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Condom company Trojan ranked college campuses for student sexual health. So, who came out on top?

Trojan teamed up with Sperling's BestPlaces to find which ones are doing sexual health resources right.

Choosing a college is a tough decision.

There are so many factors to consider: location, student-faculty ratio, majors ... sexual health.

Well, the quality of sexual health resources isn't a category in the U.S. News and World Report college rankings, but it totally should be.


From consent to sexual violence, we've seen a serious uptick in public conversations about safe sex on campus. And the idea of young adults getting reliable health care and information? I think that's something we can all get behind.

So does Trojan. That's why they've been publishing a sexual health report card, grading U.S. colleges in 11 categories — including contraceptive availability, STI testing, and quality of online resources — for the past 10 years. And the 2015 results are in.

Here are the schools that came out on top:

1. Oregon State University

Photo by Kirt Edblom/Flickr.

OSU is valedictorian for the second year in a row after a surprising 25-slot rise from 2013 to 2014. The OSU Beavers excel when it comes to sexual health, getting perfect scores on an impressive 5 out of 11 categories, including sexual health website information quality, student peer groups programming, and contraceptive availability.

2. Stanford University

Photo by Anna Fox/Flickr.

Stanford is another recent up-and-comer. After taking #20 in 2013, it skyrocketed to #5 in 2014. There's no shortage of sexual health resources on campus. My favorite? The Sexual Health Peer Resource Center gives every undergrad $3 every quarter to go toward sexual health products. That's enough to cover 60 glow-in-the-dark condoms per year!

3. University of Georgia

Photo by David Torcivia/Flickr.

Georgia is one of 20 states that require comprehensive sex education and HIV education for schoolchildren. This state university continues that awesome trend of supporting safe and healthy sex. UGA Bulldogs can get free condoms, lube, and dental dams delivered right to their dorm doors, courtesy of the Condom Express program.

4. University of Michigan-Ann Arbor

Photo by Jason Crotty/Flickr.

Michigan Wolverines aren't just among the best in college sports. They're also at the top of their game when it comes to sexual health resources. Need to see a sex therapist? They've even got those on campus!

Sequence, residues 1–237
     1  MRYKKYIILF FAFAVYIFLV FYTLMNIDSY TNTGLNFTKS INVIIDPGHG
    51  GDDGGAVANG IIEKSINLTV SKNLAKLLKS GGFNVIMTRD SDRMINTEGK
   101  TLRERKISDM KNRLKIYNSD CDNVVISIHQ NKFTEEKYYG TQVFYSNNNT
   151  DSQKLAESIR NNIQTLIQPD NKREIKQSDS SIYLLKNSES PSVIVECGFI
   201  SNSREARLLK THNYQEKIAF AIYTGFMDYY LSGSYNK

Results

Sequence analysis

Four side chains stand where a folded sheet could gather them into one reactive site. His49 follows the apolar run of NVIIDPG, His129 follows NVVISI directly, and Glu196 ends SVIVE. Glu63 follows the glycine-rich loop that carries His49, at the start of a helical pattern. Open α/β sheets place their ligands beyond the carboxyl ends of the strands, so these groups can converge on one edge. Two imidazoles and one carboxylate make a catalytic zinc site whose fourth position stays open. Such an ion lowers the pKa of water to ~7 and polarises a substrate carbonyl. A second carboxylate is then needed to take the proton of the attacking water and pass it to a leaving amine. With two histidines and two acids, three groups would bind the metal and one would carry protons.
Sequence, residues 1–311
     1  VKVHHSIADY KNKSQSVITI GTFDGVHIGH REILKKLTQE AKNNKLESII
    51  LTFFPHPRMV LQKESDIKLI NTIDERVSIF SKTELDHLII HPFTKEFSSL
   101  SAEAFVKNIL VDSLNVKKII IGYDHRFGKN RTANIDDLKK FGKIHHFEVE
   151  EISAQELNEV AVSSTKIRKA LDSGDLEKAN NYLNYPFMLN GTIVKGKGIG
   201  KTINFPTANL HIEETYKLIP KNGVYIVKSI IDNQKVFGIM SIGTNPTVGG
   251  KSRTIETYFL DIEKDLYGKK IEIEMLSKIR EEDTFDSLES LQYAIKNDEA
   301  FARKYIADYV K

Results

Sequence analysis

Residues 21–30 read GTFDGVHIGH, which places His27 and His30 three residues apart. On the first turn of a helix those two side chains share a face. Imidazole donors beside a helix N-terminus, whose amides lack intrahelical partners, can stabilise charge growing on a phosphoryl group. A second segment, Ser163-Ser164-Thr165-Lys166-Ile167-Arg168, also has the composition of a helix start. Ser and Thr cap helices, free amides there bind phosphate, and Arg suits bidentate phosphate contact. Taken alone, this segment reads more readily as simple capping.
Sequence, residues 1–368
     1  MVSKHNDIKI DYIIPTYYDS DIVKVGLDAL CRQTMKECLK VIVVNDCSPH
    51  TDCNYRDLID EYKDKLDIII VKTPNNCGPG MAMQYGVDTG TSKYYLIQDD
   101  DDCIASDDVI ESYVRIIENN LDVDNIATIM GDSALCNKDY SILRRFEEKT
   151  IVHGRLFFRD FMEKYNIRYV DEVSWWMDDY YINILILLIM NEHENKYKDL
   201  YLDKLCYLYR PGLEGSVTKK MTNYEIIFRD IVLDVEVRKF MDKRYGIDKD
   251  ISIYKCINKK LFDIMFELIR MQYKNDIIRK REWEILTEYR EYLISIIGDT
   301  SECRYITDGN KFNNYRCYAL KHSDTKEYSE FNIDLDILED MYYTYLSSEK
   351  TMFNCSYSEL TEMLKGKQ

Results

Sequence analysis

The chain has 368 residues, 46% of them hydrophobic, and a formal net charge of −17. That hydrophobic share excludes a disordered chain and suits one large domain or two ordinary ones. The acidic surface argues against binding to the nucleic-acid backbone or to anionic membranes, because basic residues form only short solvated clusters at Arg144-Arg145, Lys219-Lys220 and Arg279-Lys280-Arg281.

5. Brown University

Photo by John W. Schulze/Flickr.

The Bears at Brown know how to get down. Considering the stereotype that Brown students are more ... free-spirited, I'm not surprised they're the highest-ranking Ivy League school on this list. They offer a LOT of health education services, including peer-educator groups called SHAG (Sexual Health Awareness Group) and the Safer Sex Squad.

6. University of Oregon

Photo by Andre Chinn/Flickr.

Remember that movie "Animal House"? Yep. That was filmed on this campus. If that isn't reason enough for them to have amazing sexual health care, I don't know what is. Three cheers for a school that made an MTV-recommended app called SexPositive and offers free finger cots. Glad they delivered.

7. University of Iowa

Photo by Phil Roeder/Flickr.

It looks like the Hawkeyes like coming first: The school opened its doors just 59 days after Iowa officially became a state and has continued to be a trailblazer. It was the first American public university to go co-ed and to award law degrees to a woman and a black person. And thanks to some amazing protestors, the school's sexual assault policies are miles ahead of most colleges with their new affirmative consent policy.

8. Columbia University

Photo by InSapphoWeTrust/Flickr.

Columbia is home of one of my favorite health advice sites: Go Ask Alice! Initially made just for Columbia students, the website has gone on to win awards and is known for the handy guidance from experts in fields ranging from medicine and public health to health education. Kudos.